The Carolina Buckthorns are once again under attack by Asian Soybean Aphids, Aphis glycines. I first encountered the aphids last year when they were found on a few Carolina Buckthorns. This plant that I found yesterday is typical of the worst condition I found in July of 2011. There are some yellowed leaves and a few tightly curled leaves.
The aphid damage is much more severe and widespread this year. Entire branches are showing curled leaves. Carolina Buckthorn is an uncommon plant in
with a range that just catches the southern edge of the state. Its primary threat has always been extreme
low winter temperatures. I frequently
monitor the plants to see how they are growing, so I am certain that the aphids
were not a problem before last year. Ohio
This is what’s inside the curled leaf. Aphids busily feed and reproduce within the protective folds of leaf. Ants visiting the aphids to collect honeydew, provide another measure of security. Asian Soybean Aphids are a non native species that was first discovered in the
about 12 years
ago. They became a species of concern
because of their use of Soybeans as a summer host plant. Large populations of these aphids can cause
severe damage to soybean plants and devastate yields. United States
Soybeans are annual plants that only exist for a limited time each year. In order to sustain themselves during the non soybean season, the aphids utilize a second host for the winter. Non-native Buckthorns, Rhamnus species, were the original preferred winter host. It became a case of one invasive species damaging another. Now it’s obvious that at least one native Buckthorn is a suitable host for the Asian Soybean Aphid.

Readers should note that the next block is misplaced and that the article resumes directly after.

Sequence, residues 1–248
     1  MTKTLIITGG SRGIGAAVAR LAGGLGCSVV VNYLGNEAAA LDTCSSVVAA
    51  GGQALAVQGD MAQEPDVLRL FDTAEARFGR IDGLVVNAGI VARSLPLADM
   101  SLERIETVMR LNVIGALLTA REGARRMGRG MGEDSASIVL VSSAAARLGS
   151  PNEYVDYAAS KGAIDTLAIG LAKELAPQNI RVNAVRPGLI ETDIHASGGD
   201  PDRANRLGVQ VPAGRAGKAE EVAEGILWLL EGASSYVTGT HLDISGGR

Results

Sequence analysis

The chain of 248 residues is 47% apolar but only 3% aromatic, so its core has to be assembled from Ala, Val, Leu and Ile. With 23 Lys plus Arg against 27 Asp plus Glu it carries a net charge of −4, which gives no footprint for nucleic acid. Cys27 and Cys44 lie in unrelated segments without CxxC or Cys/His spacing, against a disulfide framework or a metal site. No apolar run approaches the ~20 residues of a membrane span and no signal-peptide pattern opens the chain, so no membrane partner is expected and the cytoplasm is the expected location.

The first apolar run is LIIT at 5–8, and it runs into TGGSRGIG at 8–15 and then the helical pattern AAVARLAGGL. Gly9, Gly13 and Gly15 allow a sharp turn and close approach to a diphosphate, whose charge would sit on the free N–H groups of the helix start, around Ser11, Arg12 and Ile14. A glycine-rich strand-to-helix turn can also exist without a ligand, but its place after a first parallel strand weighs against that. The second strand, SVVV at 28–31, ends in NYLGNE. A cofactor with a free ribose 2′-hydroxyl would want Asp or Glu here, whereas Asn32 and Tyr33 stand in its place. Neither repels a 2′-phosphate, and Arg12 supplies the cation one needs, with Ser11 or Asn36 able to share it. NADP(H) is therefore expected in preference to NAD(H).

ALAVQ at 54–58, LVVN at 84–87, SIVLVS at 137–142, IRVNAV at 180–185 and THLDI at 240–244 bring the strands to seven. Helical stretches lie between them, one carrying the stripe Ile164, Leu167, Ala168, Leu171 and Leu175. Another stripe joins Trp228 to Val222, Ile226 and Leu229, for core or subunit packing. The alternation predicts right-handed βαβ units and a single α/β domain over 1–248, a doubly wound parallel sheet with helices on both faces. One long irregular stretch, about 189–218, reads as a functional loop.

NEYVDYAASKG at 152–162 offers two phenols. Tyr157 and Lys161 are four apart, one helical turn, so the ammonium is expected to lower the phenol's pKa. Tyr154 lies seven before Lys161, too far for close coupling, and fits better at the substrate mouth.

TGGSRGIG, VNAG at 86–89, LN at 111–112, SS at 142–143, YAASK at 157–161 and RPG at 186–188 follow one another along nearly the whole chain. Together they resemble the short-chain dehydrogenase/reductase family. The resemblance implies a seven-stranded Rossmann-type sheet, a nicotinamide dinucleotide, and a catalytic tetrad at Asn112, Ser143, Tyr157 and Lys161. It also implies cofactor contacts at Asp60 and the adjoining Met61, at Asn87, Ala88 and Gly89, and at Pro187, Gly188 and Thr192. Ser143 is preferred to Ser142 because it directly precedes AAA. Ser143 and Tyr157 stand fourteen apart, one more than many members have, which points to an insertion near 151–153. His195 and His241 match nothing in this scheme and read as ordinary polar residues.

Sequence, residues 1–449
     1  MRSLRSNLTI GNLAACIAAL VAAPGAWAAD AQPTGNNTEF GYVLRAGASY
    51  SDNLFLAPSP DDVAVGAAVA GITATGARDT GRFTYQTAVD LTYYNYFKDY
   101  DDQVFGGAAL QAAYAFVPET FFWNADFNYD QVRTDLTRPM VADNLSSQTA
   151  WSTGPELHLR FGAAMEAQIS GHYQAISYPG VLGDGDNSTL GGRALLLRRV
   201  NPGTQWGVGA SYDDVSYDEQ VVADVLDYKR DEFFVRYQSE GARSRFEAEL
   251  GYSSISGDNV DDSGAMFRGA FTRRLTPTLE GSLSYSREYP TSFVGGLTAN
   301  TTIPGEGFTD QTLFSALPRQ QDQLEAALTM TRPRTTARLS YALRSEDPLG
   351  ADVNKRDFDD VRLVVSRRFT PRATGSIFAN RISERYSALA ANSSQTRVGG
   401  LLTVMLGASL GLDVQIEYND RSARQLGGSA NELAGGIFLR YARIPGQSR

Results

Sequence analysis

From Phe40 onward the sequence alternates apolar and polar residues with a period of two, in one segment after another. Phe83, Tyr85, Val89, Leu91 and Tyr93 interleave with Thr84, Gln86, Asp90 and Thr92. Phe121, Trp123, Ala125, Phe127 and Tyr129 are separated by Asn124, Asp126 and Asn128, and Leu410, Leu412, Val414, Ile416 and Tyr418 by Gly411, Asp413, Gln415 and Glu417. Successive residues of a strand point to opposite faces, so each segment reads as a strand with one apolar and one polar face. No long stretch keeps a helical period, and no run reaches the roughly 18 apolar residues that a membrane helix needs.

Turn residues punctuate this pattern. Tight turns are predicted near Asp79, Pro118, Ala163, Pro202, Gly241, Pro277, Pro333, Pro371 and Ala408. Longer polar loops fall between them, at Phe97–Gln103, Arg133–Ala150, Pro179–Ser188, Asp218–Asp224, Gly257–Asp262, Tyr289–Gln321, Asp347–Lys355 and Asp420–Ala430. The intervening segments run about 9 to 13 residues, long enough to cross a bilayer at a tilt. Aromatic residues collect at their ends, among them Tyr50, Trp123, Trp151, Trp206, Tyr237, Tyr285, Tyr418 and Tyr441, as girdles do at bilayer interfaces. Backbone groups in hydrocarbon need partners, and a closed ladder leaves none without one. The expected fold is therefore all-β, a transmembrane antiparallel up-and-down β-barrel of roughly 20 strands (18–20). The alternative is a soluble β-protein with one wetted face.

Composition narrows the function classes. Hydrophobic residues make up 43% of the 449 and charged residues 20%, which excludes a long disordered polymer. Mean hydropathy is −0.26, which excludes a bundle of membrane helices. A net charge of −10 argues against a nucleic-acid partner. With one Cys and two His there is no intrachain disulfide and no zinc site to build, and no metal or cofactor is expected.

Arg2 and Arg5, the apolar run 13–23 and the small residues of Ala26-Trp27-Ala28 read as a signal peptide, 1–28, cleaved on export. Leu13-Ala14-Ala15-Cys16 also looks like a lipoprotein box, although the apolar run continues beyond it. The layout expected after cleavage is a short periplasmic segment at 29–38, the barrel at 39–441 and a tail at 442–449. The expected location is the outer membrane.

Aphids feeding on the buckthorn cause the distorted, curled leaf formation. Judging by what I found, it appears that the leaves curl prior to being invaded by the aphids. The leaves remain green even after intensive feeding has taken place, so the leaf functions may continue to provide nutrients to the plant.
Aphids on the buckthorn come from eggs laid the previous fall. These aphids are all females that reproduce by giving live birth. The youngsters begin producing their own young when about a week old, so it doesn’t take long for a population explosion to occur. Eventually, winged females are produced and these fly off to find soybean plants on which to start a summer colony.
The aphid spends most of its time attached to leaf veins by way of its tubular mouth. Consuming sap and producing babies is the life of the aphid. After producing many generations of aphids on soybean plants, male and female winged adults search out buckthorns where mating occurs and eggs are laid. Aphids in the wind may travel hundreds of miles, so the proximity of soybean fields is not an indicator of whether or not the buckthorns will be found by aphids. The eggs overwinter and the whole cycle begins anew.
The winged individuals apparently don’t all develop on the same schedule. This population looks to have everything from winged adult to newborn infant. I’ll have to wait to see what level of survival threat the aphid poses to the Carolina Buckthorn. Since the aphids will leave the buckthorn in early summer, the buckthorn may have time to regrow with minimal ill effects. What I’m expecting next is to find the aphids on local native legumes. I’m afraid that won’t be a fun discovery.